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Divisibility Proof

  1. Nov 11, 2012 #1
    I think my answer is correct, i just need some peer review.

    1. The problem statement, all variables and given/known data

    Let k, m, n ∈ Z+ where k and m are relatively prime. Prove that if k|mn then k|n


    3. The attempt at a solution

    This question seems trivial.

    We know the property that if x|y then x|yz for all integers z.

    Therefore, if k and m are relatively prime, it follows that k does not divide into m. It follows that k|n in order for k|mn to be true.

    Using the property i mentioned, we conclude that k|n.

    Is this a proper proof?
     
  2. jcsd
  3. Nov 11, 2012 #2

    tiny-tim

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    hi twoski! :smile:
    6 does not divide 9

    for 6 to divide 9*2, does it follow that 6 divides 2 ?
     
  4. Nov 11, 2012 #3
    But, 6 and 9 are not relatively prime, so we can't use those numbers to test my proof can we?
     
  5. Nov 11, 2012 #4

    tiny-tim

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    your proof doesn't use relative prime-ness :confused:
     
  6. Nov 11, 2012 #5
    Maybe i'm not being as verbose as i should be, apologies.

    Let k, m, n ∈ Z+ where k and m are relatively prime.

    We know the property that if x|y then x|yz for all integers x,y,z.

    Therefore, if k and m are relatively prime, it follows that k does not divide into m. It follows that k|n in order for k|mn to be true.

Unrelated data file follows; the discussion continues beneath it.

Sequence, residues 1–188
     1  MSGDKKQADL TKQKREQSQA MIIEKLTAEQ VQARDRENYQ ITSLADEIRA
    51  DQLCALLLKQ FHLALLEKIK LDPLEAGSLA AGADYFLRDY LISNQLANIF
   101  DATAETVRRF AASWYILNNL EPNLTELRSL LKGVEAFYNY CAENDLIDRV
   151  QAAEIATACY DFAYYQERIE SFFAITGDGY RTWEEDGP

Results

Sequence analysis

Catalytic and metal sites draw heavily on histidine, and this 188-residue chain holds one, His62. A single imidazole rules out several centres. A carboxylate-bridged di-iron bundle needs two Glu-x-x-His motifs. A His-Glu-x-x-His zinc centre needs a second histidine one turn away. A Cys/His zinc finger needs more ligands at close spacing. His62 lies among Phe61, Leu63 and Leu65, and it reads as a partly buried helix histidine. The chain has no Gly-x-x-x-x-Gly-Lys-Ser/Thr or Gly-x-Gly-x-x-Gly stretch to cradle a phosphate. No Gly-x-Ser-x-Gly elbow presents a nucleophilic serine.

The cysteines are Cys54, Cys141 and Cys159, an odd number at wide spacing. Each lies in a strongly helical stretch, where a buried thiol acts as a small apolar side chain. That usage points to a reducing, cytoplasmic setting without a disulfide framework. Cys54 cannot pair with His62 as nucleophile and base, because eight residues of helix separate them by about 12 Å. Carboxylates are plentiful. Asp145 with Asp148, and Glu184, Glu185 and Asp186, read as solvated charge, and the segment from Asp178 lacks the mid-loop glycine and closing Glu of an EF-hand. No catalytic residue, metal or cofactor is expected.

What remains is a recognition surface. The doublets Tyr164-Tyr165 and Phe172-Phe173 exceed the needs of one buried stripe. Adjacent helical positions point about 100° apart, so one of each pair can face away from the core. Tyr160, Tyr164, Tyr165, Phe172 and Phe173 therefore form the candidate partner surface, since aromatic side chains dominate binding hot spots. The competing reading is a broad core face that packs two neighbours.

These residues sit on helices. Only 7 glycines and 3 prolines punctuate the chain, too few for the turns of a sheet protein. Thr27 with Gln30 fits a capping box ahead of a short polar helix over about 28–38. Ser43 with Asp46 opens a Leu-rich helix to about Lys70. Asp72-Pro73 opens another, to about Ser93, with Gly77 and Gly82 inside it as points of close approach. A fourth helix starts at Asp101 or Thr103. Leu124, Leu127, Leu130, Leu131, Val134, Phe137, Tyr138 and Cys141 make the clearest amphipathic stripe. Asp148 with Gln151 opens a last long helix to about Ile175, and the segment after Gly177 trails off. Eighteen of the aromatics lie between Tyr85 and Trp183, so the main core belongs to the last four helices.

Using the property i mentioned, we conclude that if k|mn is true if and only if k|n is true.
     
  7. Nov 11, 2012 #6

    tiny-tim

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    this part of your proof is not true (and does not mention relative prime-ness) …
     
  8. Nov 11, 2012 #7
    If k and m are relatively prime, then it follows that their gcd is 1 and therefore k does not divide into m, right? Or did i miss something.... Is k allowed to be 1?
     
  9. Nov 12, 2012 #8
    I think a easier way, or more formal, to show that k|mn, is to factor it into k| m*n, k does not divide into m (as they are relatively prime), however k|n, so we can "cancel out" to get m*x, where x*k=n. It follows than that for k|mn, k|n must be true.



    Bonaparte
     
    Last edited: Nov 12, 2012
  10. Nov 12, 2012 #9
    What you are missing is some logical steps.

    You use relative-primeness to show that k does not divide m which is true. However you then forget about relative primeness and imply that k not dividing into m is sufficient to show tha k|n however as Tiny-Tim pointed out this is not sufficient. You need to use that k and m are relatively prime beyond the fact that this implies k does not divide m.

    Think about the prime factors of k and m.
     
    Last edited: Nov 12, 2012
  11. Nov 12, 2012 #10
    You state however k\n .... it follows....k|n

    Again you only use k relative prime to m only to state that k does not divide m this is not sufficient
     
  12. Nov 12, 2012 #11
    Let me rephrase then, not only that k|m is false, but also they have no common factors other then 1, that is the fraction is at its simplest form, therefore if for some n k|mn, n must by x*k,so that all the factors of k are included in n, note that it doesn't mean they are equal, just that k factors are a subset of n's factors, and when factors of a number are a subset of the factors of another number, the first divides the second, and in the case they have the same factors, the second also divides the first, it then follows that k|n.


    How is that?

    Bonaparte
     
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